close
Friday April 19, 2024

Her name was Daya Bheel

By Benazir Jatoi
January 19, 2023

Just as the year 2022 came to an end, some 20 kms from Sanghar, Sindh, a badly mutilated and raped woman’s body lay in mustard fields. She was found by her son after having gone missing from her home, where she had left hours earlier, to what they presumed was to pick grass. Her name was Daya Bheel. She was decapitated and her breasts and other organs cut off. Her skin and hair removed. A corpse, most likely unrecognizable, by the time she was found.

These gruesome details aren’t being given to make the reader feel more helpless. They are being told in the hope that we question the system and the authorities on present-day femicide, lawmakers come out of slumber, the judiciary has a theoretical shift when dealing with cases of violence against women and girls and law enforcement respond without requiring social media to make them do their job.

An official committee has been formed in Sindh to investigate the murder, under the supervision of the highest political leaders in the province. Some arrests have been made and the investigation it seems is making process. But will this investigation and its findings bring any change to the lives of poor, religious minority women in the country? Will it influence federal and provincial governments’ policies towards addressing violence against women? Will it influence policy on how to prevent violence, by educating men? The real question is: will Daya Bheel’s killing be the tipping point we need?

In terms of hard data, according to the Pakistan Demographic Health Survey (PDHS), 2018, 28 per cent of women and girls between the ages of 15 and 49 experience some form of violence. It is widely accepted that these figures are only the tip of the iceberg, with many cases of violence unreported. There is also no disaggregated data on violence against minority women. We are, therefore, not fully aware of the extent of the problem. The forms of violence, that minority women and girls face, and we have some figures on, are forced abduction, conversion and marriage.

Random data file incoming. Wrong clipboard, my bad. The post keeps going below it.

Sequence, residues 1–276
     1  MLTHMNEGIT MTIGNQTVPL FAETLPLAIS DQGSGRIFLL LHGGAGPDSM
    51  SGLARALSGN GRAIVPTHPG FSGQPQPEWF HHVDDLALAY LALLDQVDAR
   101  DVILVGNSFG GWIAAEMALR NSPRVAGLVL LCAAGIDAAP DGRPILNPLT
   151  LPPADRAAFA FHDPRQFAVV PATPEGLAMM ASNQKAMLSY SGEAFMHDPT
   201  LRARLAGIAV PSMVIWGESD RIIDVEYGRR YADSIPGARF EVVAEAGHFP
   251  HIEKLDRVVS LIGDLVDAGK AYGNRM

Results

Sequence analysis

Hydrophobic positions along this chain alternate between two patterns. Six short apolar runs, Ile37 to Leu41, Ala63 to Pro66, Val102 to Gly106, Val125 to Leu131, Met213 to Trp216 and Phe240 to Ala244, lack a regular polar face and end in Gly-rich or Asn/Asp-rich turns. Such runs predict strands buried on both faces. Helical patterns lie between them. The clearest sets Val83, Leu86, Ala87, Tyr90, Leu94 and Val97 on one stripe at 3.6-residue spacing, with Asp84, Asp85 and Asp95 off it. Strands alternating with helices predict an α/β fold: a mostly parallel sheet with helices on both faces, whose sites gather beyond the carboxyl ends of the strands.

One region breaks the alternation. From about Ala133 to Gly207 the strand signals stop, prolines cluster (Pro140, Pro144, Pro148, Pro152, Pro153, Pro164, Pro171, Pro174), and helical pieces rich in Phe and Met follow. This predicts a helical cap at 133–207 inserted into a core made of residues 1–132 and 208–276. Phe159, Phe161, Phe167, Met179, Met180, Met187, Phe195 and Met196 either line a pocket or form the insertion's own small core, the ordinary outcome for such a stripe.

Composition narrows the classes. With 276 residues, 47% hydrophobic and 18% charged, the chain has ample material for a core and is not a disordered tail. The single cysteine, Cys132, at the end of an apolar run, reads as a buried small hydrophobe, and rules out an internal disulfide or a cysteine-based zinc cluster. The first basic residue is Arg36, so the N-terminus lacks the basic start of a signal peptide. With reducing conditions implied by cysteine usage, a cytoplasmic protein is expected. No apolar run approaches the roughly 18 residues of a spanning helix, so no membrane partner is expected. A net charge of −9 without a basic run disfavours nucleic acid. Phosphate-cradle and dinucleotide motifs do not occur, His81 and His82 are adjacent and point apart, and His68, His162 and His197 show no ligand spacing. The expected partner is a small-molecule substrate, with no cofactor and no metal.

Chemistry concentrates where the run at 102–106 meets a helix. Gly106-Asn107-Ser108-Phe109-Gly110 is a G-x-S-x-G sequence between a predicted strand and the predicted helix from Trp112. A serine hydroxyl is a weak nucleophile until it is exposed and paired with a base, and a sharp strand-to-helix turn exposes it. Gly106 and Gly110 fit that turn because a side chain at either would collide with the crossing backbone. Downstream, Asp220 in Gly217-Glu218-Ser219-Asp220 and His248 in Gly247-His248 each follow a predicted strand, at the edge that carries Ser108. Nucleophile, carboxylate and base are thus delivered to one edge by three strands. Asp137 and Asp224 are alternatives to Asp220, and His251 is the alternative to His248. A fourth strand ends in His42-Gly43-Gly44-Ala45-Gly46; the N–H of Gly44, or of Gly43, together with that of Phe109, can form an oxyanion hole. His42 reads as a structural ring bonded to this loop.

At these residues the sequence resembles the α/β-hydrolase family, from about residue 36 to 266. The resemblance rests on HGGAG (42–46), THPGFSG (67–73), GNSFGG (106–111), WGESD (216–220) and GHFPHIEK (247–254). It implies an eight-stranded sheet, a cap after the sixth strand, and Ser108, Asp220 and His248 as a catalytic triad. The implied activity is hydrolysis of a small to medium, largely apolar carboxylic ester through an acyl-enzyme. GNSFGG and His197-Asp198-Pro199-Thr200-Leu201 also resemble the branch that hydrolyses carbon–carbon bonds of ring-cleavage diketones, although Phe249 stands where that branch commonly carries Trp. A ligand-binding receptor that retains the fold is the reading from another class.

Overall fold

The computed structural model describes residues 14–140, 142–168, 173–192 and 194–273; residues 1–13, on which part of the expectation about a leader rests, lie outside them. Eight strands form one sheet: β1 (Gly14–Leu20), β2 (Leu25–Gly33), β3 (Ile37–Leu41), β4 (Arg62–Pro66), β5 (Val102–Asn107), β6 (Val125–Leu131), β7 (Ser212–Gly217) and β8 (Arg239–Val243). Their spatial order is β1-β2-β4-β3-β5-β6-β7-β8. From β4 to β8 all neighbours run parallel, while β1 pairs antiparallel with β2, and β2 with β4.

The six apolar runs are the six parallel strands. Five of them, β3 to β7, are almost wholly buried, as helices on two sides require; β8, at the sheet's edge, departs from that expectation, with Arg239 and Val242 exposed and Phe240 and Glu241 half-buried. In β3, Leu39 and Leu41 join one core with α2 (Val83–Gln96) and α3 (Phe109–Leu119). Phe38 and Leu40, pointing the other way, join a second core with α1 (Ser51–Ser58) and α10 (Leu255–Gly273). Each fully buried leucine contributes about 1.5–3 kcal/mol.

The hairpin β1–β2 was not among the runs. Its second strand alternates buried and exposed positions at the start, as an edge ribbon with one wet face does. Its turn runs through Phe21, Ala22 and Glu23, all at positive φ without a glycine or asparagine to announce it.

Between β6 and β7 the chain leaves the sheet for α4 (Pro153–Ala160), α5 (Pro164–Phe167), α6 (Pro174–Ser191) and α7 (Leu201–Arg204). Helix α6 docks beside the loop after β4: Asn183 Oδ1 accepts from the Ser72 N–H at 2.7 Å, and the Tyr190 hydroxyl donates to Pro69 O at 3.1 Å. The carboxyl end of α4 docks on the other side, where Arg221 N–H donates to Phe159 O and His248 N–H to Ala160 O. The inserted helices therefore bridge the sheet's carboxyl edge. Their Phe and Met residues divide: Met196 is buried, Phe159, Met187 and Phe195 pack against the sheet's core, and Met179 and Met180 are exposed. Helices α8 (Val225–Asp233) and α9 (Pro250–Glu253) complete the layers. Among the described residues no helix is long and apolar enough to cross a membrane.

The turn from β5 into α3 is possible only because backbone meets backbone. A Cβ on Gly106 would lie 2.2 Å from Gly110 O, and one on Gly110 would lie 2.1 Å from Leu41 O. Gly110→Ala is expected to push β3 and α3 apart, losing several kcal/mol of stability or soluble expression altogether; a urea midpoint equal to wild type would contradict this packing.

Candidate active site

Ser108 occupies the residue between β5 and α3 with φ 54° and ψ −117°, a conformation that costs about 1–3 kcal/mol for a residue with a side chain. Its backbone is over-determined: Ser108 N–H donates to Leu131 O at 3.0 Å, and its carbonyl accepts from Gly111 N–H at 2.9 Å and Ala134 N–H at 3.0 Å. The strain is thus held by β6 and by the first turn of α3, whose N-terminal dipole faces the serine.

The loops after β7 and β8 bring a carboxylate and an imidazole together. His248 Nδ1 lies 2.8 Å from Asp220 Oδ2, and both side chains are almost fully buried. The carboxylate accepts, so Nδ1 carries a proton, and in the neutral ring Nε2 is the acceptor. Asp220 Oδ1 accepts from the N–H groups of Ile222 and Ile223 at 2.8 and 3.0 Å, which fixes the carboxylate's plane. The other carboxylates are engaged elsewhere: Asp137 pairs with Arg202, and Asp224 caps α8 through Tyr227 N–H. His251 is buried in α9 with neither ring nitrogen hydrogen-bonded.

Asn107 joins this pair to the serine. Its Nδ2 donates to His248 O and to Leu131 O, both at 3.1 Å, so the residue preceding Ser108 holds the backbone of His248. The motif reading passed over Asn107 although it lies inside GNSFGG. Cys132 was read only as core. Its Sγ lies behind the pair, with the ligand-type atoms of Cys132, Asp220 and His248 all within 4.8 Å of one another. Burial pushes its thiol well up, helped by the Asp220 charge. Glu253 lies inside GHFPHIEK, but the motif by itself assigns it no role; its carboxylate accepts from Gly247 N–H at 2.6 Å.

According to the Centre for Social Justice, in 2022 alone, there were a total of 46 abductions and forced conversions of minor girls. These include 33 in Sindh, 12 in Punjab and 1 in Khyber Pakhtunkhwa. These incidents have increased. Between 2013 and 2020, there were approximately 162 incidents of forced conversion. In 2022, a 15-year-old, Pooja Oad, was shot in Rohri, Sukkur during an abduction attempt. Though penalizing forced marriage law has been unsuccessful in the Sindh Assembly, provincial and federal governments have been proactive in passing other pro-women penal offences. But the lack of awareness of the law, widespread societal acceptance of violence, ineffective rules and protocols, almost non-existent medico-legal and law enforcement accountability and judicial inconsistency when giving judgements are just some of the reasons for the lack of implementation of these laws.

All political parties have, to varying degrees, made manifesto pledges towards protecting and enhancing women and minority rights. All political parties have also failed in fulfilling these pledges. They are gripped by their own political uncertainties and consistently lack vision on how to improve people’s lives. But most terrifying is the grip that organized religious extremist groups, often responsible for organized abduction and forced conversion of young girls, have over politicians and the political process when it comes to dealing with these issues. Law and policymakers and law enforcement, it seems, conclude that it is easier to proactively deal with individual cases of violence, and only those that reach media attention, then addressing the widespread and structural problem of violence against religious minorities.